Over the past decade, at the same time that Turkey has become increasingly aggressive and demanding in its relationship with the U.S. government, it has steadily distanced itself from its traditional Cold War-era role as a reliable partner in advancing our regional and security priorities.
Turkey blocked a northern Coalition front against Iraq
In 2003, Turkey blocked a northern front against Iraq, a refusal that, according to the Department of Defense, contributed significantly to the strength of the current insurgency and the persistence of ongoing sectarian violence.
Turkey invaded northern Iraq
Earlier this year, in the face of vocal U.S. opposition, Turkey repeatedly invaded the Kurdish regions of northern Iraq, destabilizing the only relatively stable part of the country.
Turkey promotes regional instability
Turkey’s continued military occupation of Cyprus (a European Union member), illegal blockade of Armenia (the only closed border in Europe), and hostile policies toward the Kurds foster tensions and contribute to regional instability, all to the detriment of U.S. interests.
The deterioration of Turkish-American relations
Graham Fuller, an expert on Turkey who served as vice chairman of the Central Intelligence Agency’s National Intelligence Council, wrote in the Los Angeles Times (October 19, 2007) that:
“Turkish-American relations have been deteriorating for years, and the root explanation is simple and harsh: Washington's policies are broadly and fundamentally incompatible with Turkish foreign policy interests in multiple arenas. No amount of diplomat-speak can conceal or change that reality.”
An Unreasonable Request
As Americans, we should never allow other countries – even our allies – to exercise a veto our principled and unconditional stand against all instances of genocide.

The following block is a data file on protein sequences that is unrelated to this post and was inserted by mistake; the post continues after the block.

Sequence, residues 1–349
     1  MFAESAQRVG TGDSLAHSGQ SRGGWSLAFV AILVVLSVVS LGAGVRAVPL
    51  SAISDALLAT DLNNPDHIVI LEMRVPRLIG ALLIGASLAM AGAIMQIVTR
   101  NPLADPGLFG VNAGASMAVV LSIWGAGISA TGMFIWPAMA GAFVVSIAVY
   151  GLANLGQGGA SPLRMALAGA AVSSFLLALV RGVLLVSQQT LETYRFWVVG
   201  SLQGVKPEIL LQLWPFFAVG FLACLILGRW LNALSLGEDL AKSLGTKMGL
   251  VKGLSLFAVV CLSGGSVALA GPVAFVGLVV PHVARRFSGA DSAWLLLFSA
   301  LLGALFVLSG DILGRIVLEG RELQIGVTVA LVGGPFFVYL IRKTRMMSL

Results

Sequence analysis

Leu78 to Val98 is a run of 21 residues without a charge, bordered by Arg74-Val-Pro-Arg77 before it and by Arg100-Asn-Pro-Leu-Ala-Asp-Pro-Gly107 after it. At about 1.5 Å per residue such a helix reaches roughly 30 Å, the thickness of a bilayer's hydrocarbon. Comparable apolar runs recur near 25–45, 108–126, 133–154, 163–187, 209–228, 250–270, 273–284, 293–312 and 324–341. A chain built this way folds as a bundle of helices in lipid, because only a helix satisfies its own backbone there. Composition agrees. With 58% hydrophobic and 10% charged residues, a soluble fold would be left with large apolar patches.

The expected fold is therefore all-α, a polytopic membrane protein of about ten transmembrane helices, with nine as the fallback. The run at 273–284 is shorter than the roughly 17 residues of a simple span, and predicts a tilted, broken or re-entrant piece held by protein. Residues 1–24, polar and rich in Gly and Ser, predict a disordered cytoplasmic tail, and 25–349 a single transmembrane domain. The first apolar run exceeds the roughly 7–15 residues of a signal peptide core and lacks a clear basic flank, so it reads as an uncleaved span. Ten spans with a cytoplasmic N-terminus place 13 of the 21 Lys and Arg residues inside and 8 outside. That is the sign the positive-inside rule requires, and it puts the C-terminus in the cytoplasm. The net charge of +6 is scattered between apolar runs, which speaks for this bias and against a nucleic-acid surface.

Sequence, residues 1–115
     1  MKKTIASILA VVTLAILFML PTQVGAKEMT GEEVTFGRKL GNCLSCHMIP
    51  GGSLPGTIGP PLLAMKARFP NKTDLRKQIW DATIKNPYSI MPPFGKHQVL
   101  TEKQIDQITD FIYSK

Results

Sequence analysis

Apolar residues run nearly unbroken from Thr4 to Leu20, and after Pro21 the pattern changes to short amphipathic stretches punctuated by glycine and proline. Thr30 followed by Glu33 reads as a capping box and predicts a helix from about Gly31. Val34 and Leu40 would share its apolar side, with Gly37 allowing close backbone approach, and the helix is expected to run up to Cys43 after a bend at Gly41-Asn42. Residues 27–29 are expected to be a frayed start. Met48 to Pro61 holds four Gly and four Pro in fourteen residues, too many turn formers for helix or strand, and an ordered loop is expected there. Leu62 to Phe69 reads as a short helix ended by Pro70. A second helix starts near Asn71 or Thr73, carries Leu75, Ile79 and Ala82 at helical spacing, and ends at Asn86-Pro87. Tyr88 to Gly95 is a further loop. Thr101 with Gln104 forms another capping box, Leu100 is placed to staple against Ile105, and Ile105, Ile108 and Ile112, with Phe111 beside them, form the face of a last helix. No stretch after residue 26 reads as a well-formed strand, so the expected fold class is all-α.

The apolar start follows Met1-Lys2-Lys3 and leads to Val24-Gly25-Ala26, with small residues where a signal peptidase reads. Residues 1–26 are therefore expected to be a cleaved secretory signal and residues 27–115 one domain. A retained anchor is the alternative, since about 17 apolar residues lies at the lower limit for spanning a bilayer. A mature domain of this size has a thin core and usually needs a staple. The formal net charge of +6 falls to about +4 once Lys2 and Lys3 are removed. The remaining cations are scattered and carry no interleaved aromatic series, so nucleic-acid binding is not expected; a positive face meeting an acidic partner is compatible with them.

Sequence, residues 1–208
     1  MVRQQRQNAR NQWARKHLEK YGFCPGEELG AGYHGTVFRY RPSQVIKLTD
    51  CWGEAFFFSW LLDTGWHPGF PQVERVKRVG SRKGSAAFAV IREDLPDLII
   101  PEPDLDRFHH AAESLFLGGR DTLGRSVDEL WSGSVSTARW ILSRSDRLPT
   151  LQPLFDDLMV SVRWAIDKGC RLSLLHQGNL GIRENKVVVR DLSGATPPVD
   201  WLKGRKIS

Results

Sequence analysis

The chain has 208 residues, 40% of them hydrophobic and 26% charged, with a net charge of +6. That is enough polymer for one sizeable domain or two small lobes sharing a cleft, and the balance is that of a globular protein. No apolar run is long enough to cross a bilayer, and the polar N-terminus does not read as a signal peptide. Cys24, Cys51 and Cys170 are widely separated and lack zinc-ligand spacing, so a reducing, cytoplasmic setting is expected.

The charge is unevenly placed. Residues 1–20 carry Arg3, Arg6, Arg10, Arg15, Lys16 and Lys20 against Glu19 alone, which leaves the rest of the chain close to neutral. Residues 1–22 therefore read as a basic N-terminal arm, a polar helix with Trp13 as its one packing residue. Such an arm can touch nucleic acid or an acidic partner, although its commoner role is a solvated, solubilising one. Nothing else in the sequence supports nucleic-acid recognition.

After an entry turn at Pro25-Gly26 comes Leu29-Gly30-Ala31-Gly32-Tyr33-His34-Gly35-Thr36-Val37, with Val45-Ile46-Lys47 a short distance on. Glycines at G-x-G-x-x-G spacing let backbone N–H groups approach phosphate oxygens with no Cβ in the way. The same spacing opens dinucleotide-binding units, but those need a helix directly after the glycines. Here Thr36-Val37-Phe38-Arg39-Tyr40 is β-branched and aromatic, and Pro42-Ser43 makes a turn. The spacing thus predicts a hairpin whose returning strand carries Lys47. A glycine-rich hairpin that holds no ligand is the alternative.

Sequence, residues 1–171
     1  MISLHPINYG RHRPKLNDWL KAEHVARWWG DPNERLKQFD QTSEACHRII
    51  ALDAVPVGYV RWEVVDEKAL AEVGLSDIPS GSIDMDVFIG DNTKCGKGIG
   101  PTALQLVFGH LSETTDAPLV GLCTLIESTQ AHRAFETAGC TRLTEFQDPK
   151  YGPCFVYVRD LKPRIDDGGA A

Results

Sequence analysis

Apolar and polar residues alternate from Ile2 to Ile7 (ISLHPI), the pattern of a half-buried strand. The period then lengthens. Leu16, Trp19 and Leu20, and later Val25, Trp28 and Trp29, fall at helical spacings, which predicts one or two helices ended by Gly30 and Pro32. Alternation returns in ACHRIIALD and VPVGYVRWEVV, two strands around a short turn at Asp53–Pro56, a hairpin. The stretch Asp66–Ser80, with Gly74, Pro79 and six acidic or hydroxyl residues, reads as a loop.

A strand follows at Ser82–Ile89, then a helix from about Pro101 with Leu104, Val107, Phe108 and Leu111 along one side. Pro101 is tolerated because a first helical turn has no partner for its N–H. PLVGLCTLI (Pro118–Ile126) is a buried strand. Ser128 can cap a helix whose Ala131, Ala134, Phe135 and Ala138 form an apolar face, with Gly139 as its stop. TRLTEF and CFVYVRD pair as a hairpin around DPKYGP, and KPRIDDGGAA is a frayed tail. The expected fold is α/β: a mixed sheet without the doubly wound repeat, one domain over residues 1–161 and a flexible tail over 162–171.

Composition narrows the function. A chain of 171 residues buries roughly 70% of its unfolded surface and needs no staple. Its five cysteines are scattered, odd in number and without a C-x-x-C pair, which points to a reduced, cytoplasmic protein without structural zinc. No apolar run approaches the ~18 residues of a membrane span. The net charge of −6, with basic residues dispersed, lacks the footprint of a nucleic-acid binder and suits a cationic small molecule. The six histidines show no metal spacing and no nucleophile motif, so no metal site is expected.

Turkey, which outlaws even the mention of the Armenian Genocide by its own citizens, is today seeking to export this undemocratic restriction on free speech to the United States.
Using threats and intimidation against the U.S. and our forces in the field, the Turkish government has effectively imposed a “gag-rule” on our condemnation and commemoration of this crime against humanity. At the same time, back home, Turkey is cracking down on even the discussion of this vital human rights issue, as these examples demonstrate:
Article 301 and other provisions of the newly adopted Turkish criminal code establish prison terms of up to 3 years for even the mention of the Armenian Genocide.
The prosecution, official intimidation, and brutal assassination in January 2007 of journalist Hrant Dink stand as evidence of Turkey’s escalating attacks on those who speak honestly about the Armenian Genocide.
The prosecution of Orhan Pamuk – a Nobel Prize-winning author – demonstrates Turkey’s efforts to silence even its most prominent citizens who speak about the Armenian Genocide.
Turkey’s Minister of Education, as a formal state policy, has required that schoolchildren be taught to deny the Armenian Genocide.